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New Year, New Diet

Although horses don’t suffer from the alcohol and unhealthy or excessive food intake that we often do over Christmas, New Year is a good time to overhaul their diets too. Reassess your horse’s performance throughout 2019 and question their diet and feeding regime. Could it be healthier, cheaper, more effective, less wasteful?

Making your feeding goals for 2020

If you’ve kept a diary of performance – not necessarily competition but just how your horse felt and any problems they had – you will be able to look back and assess what didn’t work and what did work. If not, consider these aspects. Then come up with a goal for what you want from your horse’s feeding regime in 2020. Once you have a goal, you’ll be able to make informed choices about what type of regime and which feed and/or supplement products to buy. Your goal may be to avoid the weight loss that your horse has every year towards the end of the eventing season, to make feeding cheaper for you, to improve your horse’s health and welfare and avoid the gastric ulcers they suffered from last year, or perhaps you are competing for the first time in affiliated competitions and need to make sure you’re working within competition rules about prohibited substances. 

How to assess the performance of a diet or feeding regime

The most important way to assess performance or if a certain feeding regime or diet is working for you and your horse is to keep records. You need to monitor your horse and ideally keep a diary. In this way you’ll be able to more accurately assess whether that regime is working for them (and you) or not. This might be calculating the cost of feeding per day, measuring hoof growth rate (or asking your farrier to!) and will definitely include monitoring their body condition and their response to your training regime, in terms of energy including stamina.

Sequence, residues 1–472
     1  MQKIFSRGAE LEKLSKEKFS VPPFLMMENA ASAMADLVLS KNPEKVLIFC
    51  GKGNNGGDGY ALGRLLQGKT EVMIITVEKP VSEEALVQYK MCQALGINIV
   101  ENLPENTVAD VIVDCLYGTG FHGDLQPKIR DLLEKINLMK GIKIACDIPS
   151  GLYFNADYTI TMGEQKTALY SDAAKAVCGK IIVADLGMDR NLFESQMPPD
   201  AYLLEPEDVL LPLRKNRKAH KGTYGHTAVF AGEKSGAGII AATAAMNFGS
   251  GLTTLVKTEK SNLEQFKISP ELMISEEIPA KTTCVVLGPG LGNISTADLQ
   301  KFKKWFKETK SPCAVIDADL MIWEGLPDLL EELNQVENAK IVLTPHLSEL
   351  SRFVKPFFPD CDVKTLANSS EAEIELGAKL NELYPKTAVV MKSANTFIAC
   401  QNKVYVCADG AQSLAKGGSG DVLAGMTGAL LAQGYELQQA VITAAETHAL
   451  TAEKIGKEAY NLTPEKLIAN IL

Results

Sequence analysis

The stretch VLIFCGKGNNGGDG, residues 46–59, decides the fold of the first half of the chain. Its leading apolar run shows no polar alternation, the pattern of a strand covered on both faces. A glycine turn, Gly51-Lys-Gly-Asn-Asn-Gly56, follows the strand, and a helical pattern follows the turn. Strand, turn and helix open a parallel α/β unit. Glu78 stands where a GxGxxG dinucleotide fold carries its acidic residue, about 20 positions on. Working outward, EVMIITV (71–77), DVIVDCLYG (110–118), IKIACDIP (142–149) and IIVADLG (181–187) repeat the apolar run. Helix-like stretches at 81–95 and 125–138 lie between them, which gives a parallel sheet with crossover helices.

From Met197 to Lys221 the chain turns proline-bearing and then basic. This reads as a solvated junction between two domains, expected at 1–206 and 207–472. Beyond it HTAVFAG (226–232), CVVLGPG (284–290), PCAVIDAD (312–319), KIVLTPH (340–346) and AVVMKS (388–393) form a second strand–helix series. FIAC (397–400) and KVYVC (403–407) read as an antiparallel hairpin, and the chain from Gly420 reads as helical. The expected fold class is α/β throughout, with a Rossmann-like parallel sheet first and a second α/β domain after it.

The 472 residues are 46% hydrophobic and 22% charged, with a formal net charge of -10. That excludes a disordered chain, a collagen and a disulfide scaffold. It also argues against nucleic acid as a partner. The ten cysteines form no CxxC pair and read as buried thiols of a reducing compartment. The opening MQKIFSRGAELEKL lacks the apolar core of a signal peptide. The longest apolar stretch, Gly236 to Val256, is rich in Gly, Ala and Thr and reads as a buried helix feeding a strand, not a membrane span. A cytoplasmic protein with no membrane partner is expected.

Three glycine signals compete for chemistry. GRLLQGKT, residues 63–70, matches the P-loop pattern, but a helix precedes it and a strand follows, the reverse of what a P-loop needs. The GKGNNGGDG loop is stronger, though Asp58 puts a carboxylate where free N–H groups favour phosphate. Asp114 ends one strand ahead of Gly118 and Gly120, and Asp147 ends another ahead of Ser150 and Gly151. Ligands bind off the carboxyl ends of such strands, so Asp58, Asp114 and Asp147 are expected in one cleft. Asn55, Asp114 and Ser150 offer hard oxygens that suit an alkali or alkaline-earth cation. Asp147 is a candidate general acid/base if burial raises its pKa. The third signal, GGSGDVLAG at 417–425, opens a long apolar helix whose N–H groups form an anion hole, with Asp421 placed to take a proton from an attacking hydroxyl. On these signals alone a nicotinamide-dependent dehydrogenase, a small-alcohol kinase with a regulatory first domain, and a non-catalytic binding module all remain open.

What’s a healthy diet for a horse?

A healthy diet for a horse is one which:

  • Supplies all the essential nutrients required every day
  • Supplies enough fibre
  • Supplies as many essential nutrients as possible from forage
  • Fulfils the horse’s behavioural needs including the need to chew 
  • Avoids more than a 4 hour fast at any time
  • Limits nutrients that could overwhelm digestive or healthy physiological capacities e.g. starch and sugar

In summary:

  • Make feeding goals for 2020 by assessing your horse’s health and performance last year, and working out what you are looking for this year
  • After you’ve made and implemented your plan, make sure you carefully monitor your horse regularly so you can assess your new feeding regime
  • Don’t be scared to try a different way of feeding, but do give any new system at least several weeks before assessing its effectiveness
  • If you’re going to be competing at affiliated level, be sure to buy products with the BETA NOPS logo, which shows due diligence in doing all you can to reduce the risk of your horse have prohibited substances in his body
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